Bill Coleman of Coleman Family Farms, a fixture at L.A. farmers markets, dies at 75
Bill Coleman of Coleman Family Farms, an innovative farmer who sold at the Santa Monica farmers market for more than 30 years, died on Dec. 29 at his home in Carpinteria. He was 75.
Coleman had been diagnosed with cancer just four months earlier, his son Abraham said.
Decades before wild arugula, broccoli spigarello, radicchio and Chioggia beets became familiar, Coleman was growing them, as well as dozens of other vegetables and fruits that have remained esoteric, such as Peruvian black mint, South African kei apples and “mouse watermelons” (also called Mexican sour gherkins). The diversity and exoticism of his farm’s produce matched his personality, a blend of passionate opinions, multicultural curiosity and deadpan humor. Always dressed in flamboyant batik shirts, he disdained computers, took pride in his prize-winning show birds, and terrorized market managers when they crossed him.
“He could be imposing and gruff one moment, and tender-hearted, practically crying, the next,” said Laura Avery, the longtime Santa Monica farmers market supervisor.
A sixth-generation Californian, William Robert Wood Coleman was born in Santa Barbara on July 15, 1941, to Warren Coleman and Shirley Hemphill. After graduating from high school, Bill worked at the family business, Coleman Building Materials. In 1963 he bought an avocado and lemon farm in Carpinteria, 30 miles southeast of Santa Barbara, removed most of the trees, and started growing snow peas; in the early 1970s he began growing lettuces, chard and kale, which became the farm’s signature crops.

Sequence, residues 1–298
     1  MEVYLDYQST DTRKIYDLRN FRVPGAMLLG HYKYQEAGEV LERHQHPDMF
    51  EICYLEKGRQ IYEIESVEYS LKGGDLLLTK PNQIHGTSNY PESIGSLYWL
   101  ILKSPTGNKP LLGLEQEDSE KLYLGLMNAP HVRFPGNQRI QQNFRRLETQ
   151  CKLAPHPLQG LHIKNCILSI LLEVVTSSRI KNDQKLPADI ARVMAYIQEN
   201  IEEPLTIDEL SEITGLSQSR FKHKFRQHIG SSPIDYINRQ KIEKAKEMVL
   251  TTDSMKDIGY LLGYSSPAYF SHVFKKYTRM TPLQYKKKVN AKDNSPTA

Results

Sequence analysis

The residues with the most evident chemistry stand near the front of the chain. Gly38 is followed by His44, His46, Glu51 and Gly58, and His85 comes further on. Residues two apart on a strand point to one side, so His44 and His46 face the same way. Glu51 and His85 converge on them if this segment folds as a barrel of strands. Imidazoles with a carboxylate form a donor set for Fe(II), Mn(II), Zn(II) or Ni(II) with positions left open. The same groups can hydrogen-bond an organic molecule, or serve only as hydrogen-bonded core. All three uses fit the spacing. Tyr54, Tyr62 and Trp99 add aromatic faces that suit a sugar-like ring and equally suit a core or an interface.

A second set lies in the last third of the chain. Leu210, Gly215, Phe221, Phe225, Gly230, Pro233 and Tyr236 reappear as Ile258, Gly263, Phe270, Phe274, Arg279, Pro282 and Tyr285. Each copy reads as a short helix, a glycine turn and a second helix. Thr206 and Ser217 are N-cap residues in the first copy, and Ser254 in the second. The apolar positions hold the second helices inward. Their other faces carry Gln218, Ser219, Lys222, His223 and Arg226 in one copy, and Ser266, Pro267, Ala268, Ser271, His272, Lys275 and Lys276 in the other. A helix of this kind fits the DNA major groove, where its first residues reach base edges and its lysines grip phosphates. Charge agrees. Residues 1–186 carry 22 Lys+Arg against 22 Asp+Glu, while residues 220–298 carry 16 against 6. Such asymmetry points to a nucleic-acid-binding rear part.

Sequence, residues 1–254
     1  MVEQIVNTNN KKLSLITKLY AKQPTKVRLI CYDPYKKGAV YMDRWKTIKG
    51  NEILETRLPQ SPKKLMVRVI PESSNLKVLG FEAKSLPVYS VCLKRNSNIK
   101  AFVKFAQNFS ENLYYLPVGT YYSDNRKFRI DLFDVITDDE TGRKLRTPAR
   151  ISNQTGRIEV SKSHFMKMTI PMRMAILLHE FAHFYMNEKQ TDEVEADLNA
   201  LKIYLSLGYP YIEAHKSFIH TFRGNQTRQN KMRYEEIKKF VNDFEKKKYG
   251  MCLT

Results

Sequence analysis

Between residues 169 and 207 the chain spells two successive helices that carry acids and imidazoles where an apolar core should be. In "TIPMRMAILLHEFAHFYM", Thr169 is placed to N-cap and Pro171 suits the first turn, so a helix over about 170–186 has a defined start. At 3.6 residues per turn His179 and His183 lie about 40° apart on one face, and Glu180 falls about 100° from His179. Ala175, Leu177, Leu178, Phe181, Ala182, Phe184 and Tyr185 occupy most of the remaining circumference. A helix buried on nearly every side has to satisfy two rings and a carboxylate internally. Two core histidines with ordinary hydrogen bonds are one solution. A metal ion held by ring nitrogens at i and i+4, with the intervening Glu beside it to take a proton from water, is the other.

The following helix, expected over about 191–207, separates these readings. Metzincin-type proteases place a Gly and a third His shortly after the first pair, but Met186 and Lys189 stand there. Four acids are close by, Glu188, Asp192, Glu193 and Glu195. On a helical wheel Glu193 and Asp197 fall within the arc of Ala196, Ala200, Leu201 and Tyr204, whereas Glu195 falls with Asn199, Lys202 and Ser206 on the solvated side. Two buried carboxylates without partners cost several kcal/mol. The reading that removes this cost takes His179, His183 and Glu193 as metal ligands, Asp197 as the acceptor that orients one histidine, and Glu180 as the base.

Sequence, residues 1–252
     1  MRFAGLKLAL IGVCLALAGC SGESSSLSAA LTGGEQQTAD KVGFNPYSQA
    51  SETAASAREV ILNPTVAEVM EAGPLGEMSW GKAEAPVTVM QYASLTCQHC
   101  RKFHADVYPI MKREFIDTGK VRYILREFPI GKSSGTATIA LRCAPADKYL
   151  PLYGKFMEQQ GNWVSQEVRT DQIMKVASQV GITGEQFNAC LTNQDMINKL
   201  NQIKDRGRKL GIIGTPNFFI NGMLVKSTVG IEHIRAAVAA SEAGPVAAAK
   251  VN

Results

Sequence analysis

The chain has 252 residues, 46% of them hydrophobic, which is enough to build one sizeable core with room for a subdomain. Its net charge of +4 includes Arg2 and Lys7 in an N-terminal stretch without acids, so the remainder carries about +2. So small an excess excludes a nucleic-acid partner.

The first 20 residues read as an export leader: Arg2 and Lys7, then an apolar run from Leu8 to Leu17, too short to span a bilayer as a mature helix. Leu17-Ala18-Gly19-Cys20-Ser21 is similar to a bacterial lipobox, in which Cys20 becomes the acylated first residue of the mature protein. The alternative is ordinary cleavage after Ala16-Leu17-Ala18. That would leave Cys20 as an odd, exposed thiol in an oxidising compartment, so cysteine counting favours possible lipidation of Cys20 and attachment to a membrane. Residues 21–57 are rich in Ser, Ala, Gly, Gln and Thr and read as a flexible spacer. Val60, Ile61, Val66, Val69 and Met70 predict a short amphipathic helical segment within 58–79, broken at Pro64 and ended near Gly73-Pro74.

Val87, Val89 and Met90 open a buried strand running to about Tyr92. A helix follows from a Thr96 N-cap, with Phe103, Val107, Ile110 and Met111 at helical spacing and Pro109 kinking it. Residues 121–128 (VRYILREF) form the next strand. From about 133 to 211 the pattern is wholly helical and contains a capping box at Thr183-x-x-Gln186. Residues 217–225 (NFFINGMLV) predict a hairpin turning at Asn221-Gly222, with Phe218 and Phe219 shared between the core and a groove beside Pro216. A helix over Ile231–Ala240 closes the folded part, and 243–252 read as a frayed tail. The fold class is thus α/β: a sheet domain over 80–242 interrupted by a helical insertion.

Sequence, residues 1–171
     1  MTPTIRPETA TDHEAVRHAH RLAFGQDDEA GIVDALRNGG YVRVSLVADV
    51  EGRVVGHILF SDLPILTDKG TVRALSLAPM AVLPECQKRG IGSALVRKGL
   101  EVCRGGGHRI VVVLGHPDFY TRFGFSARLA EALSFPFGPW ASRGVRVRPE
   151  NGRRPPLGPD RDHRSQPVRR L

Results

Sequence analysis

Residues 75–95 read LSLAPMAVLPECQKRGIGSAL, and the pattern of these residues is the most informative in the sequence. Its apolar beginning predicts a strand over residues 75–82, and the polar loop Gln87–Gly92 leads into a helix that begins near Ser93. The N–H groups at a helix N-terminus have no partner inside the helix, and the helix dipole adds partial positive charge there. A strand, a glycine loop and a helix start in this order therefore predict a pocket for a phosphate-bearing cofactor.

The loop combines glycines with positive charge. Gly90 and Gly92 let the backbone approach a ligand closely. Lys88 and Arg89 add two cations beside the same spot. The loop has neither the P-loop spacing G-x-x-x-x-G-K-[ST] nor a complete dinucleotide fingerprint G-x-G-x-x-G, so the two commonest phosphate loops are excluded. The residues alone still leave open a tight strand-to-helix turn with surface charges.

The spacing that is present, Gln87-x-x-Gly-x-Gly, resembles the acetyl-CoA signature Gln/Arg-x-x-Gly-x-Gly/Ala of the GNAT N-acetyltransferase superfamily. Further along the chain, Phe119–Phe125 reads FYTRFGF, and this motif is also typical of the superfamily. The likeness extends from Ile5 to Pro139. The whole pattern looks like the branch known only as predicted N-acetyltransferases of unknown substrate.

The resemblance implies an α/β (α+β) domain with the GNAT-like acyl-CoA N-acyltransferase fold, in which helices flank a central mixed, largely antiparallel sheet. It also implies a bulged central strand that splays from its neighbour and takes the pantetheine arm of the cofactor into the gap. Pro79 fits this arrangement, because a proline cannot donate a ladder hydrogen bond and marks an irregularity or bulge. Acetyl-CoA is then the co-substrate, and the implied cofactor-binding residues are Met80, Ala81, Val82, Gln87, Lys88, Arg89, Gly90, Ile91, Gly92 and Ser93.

“I started concentrating on greens because we have the climate to grow them year-round and grow them well,” Coleman said in an interview at his farm in 2001. “We grow what we like to eat personally, and what there’s demand for.”
He said he used no pesticides, but never bothered to have his farm certified organic, since his customers knew and trusted him. In 1979 he was one of the farmers who started a predecessor of the Santa Barbara farmers market, and a few years later he began selling at the Santa Monica Downtown farmers market. Coleman Family Farms continues to sell in Santa Monica, on Wednesdays and Saturdays.
Coleman is survived by his wife Fidela “Delia” Calip and their four children, Romeo, Rizal, Santiago and Ligaya Coleman Schulterer, as well as Coleman’s two sons from a previous relationship, Basilio and Abraham, and 14 grandchildren.
A memorial service will be held Saturday at 10 a.m. at St. Joseph’s Church in Carpinteria.
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